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November 24, 2006
Reference: Forage Beef.ca
- How pasture and rangeland responds to drought depends on the previous management of the forage stand. Plants with deep root systems have the ability to reach subsurface moisture where plants with shallow, depleted root systems are affected by drought much sooner.
- Good pasture/range management begins with a grazing plan early in the season and should include drought as a possibility. Grazing plans, stocking rates, recovery periods and utilization rates all play a part in the ability to withstand a drought.
- Plant recovery periods must be the first to be adjusted as dry weather prevails. As grazed plants slow their growth, their ability to restore their root systems slows as well. More time is needed to recover from grazing.
- Combine herds to decrease the number of paddocks/pastures being used at any one time and to increase the stock density on the land. By combining herds it is easier to extend the recovery periods for the land that the animals had grazed.
- Higher stock density reduces the selectivity of the individual grazing animals. As selectivity is reduced, animals consume less desirable plants as part of their daily diet. This in itself makes more feed available at a time of deficiency.
- As animals consume the less desireable plants, they reduce grazing pressure on the desirable plants. Reduced grazing severity and increased recovery time protects the desirable plants from abuse during the dry period.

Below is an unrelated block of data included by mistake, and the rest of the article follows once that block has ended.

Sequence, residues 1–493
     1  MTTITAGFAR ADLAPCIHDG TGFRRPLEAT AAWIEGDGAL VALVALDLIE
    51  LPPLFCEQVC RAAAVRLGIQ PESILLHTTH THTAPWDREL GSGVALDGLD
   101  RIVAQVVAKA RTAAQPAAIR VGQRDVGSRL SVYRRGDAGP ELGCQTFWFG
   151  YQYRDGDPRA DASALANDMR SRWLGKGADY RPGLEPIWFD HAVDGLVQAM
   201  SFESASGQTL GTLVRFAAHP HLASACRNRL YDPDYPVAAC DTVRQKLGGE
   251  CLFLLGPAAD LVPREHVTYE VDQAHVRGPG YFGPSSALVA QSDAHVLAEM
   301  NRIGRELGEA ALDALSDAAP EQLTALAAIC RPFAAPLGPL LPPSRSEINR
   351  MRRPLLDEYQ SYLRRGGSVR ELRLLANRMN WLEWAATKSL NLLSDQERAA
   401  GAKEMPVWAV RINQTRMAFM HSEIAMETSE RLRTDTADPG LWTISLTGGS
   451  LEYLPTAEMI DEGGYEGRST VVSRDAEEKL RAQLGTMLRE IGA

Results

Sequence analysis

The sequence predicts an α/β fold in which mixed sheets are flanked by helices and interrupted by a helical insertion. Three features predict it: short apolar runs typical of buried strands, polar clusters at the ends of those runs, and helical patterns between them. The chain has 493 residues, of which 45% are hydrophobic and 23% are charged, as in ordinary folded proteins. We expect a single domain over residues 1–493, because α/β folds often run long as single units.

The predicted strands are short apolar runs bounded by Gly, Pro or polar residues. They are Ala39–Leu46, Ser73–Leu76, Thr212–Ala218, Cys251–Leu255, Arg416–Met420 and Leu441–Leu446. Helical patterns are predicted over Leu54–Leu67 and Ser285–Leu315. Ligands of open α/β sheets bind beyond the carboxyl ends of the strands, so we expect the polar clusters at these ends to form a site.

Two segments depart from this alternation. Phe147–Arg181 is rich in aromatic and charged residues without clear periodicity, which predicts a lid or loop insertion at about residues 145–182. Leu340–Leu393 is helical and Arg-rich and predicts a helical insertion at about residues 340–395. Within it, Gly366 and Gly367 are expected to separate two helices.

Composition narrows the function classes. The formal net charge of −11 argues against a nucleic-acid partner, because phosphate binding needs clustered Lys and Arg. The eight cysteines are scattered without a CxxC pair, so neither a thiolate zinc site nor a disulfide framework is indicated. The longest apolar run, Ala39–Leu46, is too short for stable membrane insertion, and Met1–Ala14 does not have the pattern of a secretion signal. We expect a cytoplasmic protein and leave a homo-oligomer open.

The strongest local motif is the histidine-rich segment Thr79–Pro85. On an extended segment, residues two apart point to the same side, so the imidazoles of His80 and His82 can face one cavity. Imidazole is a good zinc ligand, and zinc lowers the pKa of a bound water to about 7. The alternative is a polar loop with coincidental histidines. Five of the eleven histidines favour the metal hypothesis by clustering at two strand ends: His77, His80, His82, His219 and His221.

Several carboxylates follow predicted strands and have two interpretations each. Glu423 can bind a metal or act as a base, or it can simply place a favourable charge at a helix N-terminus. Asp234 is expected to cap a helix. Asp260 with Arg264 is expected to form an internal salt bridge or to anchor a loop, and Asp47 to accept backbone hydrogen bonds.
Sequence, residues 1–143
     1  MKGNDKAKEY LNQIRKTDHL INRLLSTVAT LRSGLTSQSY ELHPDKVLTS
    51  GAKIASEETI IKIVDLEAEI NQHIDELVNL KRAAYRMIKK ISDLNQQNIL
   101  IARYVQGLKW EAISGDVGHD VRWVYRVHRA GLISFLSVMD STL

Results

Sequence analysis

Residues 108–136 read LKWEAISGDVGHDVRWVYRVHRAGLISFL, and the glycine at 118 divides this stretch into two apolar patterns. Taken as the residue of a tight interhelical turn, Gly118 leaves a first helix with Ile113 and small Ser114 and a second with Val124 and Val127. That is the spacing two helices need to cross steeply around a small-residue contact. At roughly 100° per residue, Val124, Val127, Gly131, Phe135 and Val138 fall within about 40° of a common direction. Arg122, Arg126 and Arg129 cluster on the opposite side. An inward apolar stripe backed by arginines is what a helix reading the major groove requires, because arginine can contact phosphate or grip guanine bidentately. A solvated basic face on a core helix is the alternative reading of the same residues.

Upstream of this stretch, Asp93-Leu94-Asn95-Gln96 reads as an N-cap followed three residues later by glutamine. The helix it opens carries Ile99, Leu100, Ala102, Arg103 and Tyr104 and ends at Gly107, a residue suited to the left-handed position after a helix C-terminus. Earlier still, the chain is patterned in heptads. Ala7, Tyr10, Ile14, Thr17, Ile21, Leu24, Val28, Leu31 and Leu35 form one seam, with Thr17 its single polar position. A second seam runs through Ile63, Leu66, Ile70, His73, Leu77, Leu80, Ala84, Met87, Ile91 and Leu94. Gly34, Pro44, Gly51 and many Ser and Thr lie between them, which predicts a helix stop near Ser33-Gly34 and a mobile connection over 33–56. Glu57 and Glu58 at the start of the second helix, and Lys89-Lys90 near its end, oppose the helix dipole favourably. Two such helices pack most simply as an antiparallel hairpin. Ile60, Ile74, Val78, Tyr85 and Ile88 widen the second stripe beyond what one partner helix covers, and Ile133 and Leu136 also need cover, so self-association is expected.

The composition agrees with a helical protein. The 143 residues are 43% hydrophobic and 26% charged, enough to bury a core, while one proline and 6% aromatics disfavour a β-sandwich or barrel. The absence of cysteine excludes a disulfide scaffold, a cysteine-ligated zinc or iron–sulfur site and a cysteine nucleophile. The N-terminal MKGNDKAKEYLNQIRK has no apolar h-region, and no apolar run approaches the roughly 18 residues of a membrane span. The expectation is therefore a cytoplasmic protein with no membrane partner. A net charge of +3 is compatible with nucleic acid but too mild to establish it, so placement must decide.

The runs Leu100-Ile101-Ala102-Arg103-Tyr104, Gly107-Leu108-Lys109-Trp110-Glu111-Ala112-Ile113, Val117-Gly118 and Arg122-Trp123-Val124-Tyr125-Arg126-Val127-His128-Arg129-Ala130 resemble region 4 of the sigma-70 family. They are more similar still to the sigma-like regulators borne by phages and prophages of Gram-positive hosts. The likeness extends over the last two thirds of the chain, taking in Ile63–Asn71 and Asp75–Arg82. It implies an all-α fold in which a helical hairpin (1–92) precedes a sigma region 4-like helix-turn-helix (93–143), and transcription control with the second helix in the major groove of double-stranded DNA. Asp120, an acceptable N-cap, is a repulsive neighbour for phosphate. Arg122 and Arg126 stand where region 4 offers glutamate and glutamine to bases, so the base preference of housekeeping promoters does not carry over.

- As much as possible, leave thatch behind to provide shade to the soil surface.
- Moisture retention becomes critical during dry times. Thatch is also critical when the rains return to catch the rain drops and keep them from running away or evaporating.
- Simultaneous to adjusting recovery periods and stock density, stocking rates must be assessed. In advance, plan which classes of grazing livestock will be destocked first.
- Establish at what points the classes of animals will be removed from the land if the drought persists.
- As the rains return, be careful not to restock too soon. Maintain a long recovery period for grazed paddocks/pastures to enable plants to reestablish themselves both before the cattle come in and after they have left the paddock.
- Be aware that optimal fertility levels on the land affect the plants’ ability to recover. A part of your fertility investment can be allocated to stand recovery and a part to productivity within the year.